It was my way of reminding myself that I’m honored and humbled to be working on something more valuable and important than a baseball autographed by a baseball legend. 

Catholic educators, that you, too, have something more valuable than sports memorabilia at your fingertips. You’ve been given the keys to the Kingdom. 

You’re world-changers.

You’re saint-makers.

You’re Catholic school educators. 

Don’t forget it.

Friday, February 2, 2018

He was a Joy

David Zelenka was a joy.

My Uncle Dave had my mother sew a series of chef hats that he wore at his most recent place of employment. On one of them - and there was a vast assortment of patterns and colors - he had my mom embroider “I am a joy”. This was in response to a job review that he received and, rightly so, in which he took immense pride.

On anyone else, it would seem boastful or just out of place. Maybe even annoying. But, for Uncle Dave it fit. Simply, because he truly was a joy.

I’m sure that everyone in this room experienced it in some way, shape or form. Whether it was his contagious and incessant and often ill-timed laugh (Abbot Gary mentioned yesterday that Uncle Dave always got a good laugh out of witnessing someone falling, or getting mildly hurt - even if he was the cause of this pain like he was when he dropped a 45 pound weight on my foot), his playfulness especially around kids or dogs (my kids wore socks with frogs on them yesterday - on their own - as a way to honor their silly Uncle Frog), or his love for cooking and sharing food, each one of us could tell a story - many stories - of how Uncle Dave brought joy into our lives.

He was a joy.

He was the type of person that made you feel better after being with him. You always left an encounter with Uncle Dave feeling full.


To extend the Beatitudes, read during the Gospel from the funeral Mass:
Blessed are we who knew David Zelenka, for we were filled with joy.
Perhaps Uncle Dave’s greatest expression of joy came through food. He was a rare person who did what he loved – which was cook – and loved what he did. His passion was cooking and he used this ability as a mechanism to fill the bellies and hearts of others. Again, I’m sure that everyone in this room shared a meal with my Uncle Dave. Whether it was a 4th of July cookout that he and my Aunt Cheryl hosted, a trip into their home to Curly’s Diner or meeting at a local restaurant you walked away from one of those meals stuffed – not only with food but also with love.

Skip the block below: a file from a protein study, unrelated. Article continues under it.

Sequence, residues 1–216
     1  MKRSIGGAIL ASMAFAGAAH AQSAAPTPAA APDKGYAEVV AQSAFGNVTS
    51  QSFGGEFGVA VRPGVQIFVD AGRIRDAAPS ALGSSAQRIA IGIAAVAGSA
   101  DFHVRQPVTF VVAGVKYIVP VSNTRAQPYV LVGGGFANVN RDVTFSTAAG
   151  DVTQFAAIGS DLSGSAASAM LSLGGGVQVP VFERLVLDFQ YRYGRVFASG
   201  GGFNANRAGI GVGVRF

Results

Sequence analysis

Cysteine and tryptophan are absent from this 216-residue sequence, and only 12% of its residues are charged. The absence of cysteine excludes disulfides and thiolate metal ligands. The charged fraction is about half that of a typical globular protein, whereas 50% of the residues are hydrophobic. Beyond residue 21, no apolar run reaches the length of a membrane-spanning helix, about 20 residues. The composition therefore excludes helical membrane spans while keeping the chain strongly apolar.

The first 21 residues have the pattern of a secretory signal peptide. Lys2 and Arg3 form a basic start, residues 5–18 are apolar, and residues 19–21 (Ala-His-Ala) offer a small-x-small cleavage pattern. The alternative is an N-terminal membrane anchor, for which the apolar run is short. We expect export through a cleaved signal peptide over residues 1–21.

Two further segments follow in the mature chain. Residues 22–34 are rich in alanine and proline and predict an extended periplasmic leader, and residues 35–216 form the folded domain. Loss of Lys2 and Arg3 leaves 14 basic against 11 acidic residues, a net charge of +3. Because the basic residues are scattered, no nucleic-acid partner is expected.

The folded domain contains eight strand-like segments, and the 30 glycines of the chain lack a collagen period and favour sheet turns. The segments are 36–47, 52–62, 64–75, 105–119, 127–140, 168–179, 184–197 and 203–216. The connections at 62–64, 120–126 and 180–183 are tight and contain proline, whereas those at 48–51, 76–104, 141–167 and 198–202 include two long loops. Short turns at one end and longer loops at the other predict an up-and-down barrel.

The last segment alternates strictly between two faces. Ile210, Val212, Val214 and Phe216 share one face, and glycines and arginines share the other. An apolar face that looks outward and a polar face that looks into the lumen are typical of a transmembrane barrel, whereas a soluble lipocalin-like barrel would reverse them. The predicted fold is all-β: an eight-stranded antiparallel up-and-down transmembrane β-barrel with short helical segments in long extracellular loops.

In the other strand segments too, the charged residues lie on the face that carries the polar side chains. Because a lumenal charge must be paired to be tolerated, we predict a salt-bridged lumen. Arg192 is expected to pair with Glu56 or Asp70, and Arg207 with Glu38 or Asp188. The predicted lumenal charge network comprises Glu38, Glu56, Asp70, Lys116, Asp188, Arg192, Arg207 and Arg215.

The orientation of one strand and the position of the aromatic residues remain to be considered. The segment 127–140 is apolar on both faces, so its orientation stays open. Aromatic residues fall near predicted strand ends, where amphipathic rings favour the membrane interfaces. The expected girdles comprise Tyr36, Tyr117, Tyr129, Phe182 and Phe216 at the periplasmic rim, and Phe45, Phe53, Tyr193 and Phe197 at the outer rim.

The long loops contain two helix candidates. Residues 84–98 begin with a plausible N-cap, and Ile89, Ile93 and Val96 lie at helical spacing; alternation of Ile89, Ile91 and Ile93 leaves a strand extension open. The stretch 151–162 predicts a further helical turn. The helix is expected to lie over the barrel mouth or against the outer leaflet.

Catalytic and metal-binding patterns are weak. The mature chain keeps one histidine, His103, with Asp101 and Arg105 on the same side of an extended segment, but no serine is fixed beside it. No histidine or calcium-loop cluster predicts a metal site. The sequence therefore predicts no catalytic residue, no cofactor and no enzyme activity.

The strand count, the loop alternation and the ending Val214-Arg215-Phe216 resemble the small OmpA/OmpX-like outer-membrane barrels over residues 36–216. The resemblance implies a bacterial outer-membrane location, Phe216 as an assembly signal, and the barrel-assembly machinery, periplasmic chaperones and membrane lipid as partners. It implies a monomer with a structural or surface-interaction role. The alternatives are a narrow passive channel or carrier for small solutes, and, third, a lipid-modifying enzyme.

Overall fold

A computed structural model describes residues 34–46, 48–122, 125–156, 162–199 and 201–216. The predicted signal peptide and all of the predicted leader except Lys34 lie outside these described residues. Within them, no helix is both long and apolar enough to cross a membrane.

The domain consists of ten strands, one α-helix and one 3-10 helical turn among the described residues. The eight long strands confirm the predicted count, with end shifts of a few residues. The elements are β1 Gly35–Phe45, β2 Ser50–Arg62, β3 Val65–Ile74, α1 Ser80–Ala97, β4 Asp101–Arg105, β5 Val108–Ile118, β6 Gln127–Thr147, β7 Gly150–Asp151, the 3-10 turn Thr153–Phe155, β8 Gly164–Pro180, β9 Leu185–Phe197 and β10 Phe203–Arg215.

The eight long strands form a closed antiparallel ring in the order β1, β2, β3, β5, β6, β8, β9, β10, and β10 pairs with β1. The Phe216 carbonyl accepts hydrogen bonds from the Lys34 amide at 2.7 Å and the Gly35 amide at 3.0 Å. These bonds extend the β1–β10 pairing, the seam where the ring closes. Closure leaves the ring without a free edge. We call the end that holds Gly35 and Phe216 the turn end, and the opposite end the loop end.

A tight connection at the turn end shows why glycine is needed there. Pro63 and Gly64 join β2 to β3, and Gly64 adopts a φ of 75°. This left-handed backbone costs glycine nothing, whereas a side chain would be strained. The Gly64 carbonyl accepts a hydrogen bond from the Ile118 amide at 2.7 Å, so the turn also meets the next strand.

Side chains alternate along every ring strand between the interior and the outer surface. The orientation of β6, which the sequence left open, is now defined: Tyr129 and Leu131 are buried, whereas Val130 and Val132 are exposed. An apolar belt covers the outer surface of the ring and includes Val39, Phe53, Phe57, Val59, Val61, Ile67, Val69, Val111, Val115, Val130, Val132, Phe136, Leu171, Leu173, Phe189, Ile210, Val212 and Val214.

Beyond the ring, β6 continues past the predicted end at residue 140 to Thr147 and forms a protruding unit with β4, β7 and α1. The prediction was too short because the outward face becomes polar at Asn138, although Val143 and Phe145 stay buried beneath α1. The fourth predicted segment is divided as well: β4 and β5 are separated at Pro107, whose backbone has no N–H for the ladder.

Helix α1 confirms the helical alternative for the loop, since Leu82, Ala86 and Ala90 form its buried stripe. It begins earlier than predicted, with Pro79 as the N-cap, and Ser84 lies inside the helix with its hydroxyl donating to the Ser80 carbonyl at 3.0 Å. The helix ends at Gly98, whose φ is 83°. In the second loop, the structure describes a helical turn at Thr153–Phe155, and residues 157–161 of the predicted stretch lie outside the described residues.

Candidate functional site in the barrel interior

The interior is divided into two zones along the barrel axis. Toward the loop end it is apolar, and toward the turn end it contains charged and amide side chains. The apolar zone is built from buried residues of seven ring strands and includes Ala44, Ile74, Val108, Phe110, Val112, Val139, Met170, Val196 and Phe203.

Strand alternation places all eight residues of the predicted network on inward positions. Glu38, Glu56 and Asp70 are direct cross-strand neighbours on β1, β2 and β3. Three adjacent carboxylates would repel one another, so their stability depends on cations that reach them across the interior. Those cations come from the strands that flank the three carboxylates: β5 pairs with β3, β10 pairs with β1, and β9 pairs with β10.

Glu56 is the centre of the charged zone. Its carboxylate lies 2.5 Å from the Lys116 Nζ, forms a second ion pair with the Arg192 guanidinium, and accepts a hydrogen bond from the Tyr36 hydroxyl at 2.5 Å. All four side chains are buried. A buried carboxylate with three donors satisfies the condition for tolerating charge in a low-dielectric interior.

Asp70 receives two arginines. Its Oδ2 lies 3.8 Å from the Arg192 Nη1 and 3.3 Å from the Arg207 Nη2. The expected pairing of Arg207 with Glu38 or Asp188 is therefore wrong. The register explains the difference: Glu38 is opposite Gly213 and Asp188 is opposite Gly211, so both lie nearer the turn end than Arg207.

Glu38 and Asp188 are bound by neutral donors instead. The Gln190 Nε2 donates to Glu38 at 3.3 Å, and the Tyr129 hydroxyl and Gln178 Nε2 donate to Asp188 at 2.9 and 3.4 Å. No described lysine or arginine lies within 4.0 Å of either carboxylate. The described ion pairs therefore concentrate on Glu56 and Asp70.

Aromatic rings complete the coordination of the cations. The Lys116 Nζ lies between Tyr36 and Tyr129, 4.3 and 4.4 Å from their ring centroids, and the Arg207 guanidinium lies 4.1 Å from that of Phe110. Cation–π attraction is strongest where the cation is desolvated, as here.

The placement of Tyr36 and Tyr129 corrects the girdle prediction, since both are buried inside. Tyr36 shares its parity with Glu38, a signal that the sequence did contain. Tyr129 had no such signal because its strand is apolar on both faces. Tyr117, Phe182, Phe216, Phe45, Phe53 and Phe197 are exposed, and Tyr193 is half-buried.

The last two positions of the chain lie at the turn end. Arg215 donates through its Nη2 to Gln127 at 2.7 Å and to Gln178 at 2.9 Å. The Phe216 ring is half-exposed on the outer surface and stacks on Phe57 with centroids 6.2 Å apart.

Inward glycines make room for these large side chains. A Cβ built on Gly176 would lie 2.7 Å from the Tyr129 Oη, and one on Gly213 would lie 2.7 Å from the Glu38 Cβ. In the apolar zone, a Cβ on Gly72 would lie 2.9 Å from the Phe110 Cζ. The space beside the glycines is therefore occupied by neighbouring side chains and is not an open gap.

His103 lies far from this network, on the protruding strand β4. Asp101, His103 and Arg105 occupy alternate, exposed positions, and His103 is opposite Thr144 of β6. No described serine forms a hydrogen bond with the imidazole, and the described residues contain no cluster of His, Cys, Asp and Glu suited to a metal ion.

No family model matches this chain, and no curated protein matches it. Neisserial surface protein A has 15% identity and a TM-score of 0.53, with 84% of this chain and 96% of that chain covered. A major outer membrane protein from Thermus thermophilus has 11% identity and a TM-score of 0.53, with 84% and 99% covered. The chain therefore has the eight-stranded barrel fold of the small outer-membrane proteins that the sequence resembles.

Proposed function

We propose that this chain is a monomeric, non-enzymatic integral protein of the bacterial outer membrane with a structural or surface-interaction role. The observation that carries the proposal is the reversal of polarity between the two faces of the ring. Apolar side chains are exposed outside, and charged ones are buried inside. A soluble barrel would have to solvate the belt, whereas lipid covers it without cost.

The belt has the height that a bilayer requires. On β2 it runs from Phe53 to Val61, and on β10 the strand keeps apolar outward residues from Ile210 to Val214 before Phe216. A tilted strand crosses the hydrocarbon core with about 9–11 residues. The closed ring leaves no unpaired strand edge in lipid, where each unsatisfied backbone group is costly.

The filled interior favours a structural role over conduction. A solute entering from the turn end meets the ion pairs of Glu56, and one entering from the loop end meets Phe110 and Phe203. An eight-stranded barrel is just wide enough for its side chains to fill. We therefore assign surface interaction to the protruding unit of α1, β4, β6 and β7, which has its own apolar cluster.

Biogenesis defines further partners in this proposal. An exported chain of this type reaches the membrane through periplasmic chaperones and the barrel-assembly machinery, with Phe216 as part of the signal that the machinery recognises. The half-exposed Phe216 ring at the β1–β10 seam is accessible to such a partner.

You always left an encounter with Uncle Dave feeling full.

He was a joy.

And even though today we mourn our loss but celebrate his life, I think we’re supposed to walk away from even this encounter with Uncle Dave full.


Because what made a meal with Uncle Dave so special wasn’t necessarily the food - although the food was always good and it was always filling - it was his spirit. It was his ability to make conversation, to initiate and sustain laughter, to engage you – through food – with his love that filled you up.

As a community that believes in the hope of the resurrection and promise of eternal life, we, along with Uncle Dave, just gathered around a table – the Eucharistic table – through the celebration of this Mass. We just feasted on heavenly food – our daily bread – the Body and Blood of our Lord and Savior Jesus Christ – and that should leave us – like an encounter with Uncle Dave – full. Joyful.

Jesus, during His Last Supper with His closest friends, told them to take and eat and drink and to do these things in memory of Him. I think every meal that I ever shared with Uncle Dave contained a similar invitation. Take and eat and drink and when you do those things remember that I love you. The Responsorial Psalm at Mass echoed this sentiment:
 All I ask of you is forever to remember me as loving you.
Uncle Dave was a joy and let it be our joy that David Zelenka now sits at the heavenly banquet table of our Lord, where I’m sure that he is taking and eating the juiciest meats and drinking the choicest wines - On this mountain the LORD of hosts will provide for all peoples a feast of rich food and choice wines, juicy, rich food and pure, choice wines (Isaiah 25:6) - and spreading good conversation, belly aching laughter and an eternal supply of joy.

-In loving memory of David Zelenka (February 23, 1954 - January 27, 2018)